I found an interesting article linked on reddit:

“‘Instant Ambiguity Sauces’ – How NOT to make an uninteresting game seem more interesting”

He makes some interesting points, although perhaps not as universally true as he might suggest. To my reading his main point (which I agree with) is that fun in games is often related to the agency of the player to make meaningful choices. Rather than give the player meaningful choices, however, game developers give players non-meaningful choices which are obfuscated so as to seem meaningful. Your quick time events, and the like—things which present the illusion of agency, but lack real substance.

This actually meshes with a conversation I had with my father about 20 years ago. Growing up I played a lot of board games with my father and older brother, and I often found myself at odds with my dad about what to play. I favored Monopoly, which I thought I was relatively good at, while my father usually insisted that we play either Risk or Acquire, which I always lost.

At some point I asked him why he preferred those games, and what he said to me was that Monopoly was a game of chance. Your ability to make choices was limited because the primary mechanism of the game was rolling the dice, which was random. The games he preferred, although having their element of randomness, were won or lost by the choices you made and the tactics you employed. I seem to recall him mentioning games like Chess and Go at the time, having essentially no randomness to them. The reason I liked Monopoly compared to other games is that, being the youngest and having the worst strategy, randomness actually favored me.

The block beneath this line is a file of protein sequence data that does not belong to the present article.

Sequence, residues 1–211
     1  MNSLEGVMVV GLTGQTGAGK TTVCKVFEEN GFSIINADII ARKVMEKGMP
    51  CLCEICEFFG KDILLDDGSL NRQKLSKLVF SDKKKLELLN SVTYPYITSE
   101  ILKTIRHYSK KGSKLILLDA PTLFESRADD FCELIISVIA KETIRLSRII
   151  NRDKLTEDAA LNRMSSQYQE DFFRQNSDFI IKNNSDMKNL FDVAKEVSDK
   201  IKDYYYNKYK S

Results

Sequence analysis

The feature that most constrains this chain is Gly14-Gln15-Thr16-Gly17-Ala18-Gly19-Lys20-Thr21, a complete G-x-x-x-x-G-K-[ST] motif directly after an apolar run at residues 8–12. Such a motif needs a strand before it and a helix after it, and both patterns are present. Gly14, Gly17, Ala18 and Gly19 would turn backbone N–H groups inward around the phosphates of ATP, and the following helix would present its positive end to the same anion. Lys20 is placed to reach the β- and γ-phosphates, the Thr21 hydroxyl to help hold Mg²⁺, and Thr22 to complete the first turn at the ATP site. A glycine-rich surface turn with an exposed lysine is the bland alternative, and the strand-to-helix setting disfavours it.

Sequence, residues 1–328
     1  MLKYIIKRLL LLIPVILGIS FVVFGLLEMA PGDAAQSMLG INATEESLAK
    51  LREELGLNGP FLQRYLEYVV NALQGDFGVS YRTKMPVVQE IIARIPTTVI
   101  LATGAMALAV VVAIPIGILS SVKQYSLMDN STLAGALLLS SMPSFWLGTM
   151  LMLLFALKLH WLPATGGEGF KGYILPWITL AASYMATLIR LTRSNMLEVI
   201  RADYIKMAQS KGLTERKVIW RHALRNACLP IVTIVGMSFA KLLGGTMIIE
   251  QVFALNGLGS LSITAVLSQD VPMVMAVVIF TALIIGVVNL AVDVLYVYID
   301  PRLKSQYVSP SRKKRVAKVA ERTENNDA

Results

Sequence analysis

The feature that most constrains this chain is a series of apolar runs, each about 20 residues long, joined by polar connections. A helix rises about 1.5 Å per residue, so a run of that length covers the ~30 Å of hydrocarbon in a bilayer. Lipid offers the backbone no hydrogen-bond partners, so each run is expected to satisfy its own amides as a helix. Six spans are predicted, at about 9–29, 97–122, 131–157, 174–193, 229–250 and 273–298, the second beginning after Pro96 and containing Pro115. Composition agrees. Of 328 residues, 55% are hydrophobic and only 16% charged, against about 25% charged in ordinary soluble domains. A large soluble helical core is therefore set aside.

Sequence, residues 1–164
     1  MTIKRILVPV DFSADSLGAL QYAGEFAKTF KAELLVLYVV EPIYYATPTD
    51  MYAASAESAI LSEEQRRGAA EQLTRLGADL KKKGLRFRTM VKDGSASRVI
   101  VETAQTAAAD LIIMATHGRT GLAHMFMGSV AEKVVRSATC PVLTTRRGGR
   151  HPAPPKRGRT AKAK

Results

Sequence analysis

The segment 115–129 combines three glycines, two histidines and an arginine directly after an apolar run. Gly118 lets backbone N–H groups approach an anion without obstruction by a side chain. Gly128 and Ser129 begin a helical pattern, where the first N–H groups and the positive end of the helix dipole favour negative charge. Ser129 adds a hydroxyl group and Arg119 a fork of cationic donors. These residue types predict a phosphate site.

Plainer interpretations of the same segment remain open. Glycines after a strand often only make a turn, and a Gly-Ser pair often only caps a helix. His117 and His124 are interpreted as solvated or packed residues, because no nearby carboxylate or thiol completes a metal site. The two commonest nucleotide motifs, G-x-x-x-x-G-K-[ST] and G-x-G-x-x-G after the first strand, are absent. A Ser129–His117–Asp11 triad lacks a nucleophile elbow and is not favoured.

That conversation has stuck with me for a long time, and I find myself even today ranking games by how random they are. Settlers of Catan, for example, is VERY random. You live and die by the dice. Dominion on the other hand is much less so. You do draw random cards from a deck, but the primary mechanic of the game is choosing which cards to add to your deck, so you have a degree of control over what cards are available to draw. It’s easy to flood your deck with useless cards, and prevent yourself from drawing good hands.

Now, not every game is about tactics and strategy. Execution is not always an obfuscation, as the author of the post I linked above states. However, I find the post interesting overall because I find that player agency is frequently overlooked in discussions of what makes a game work or not.

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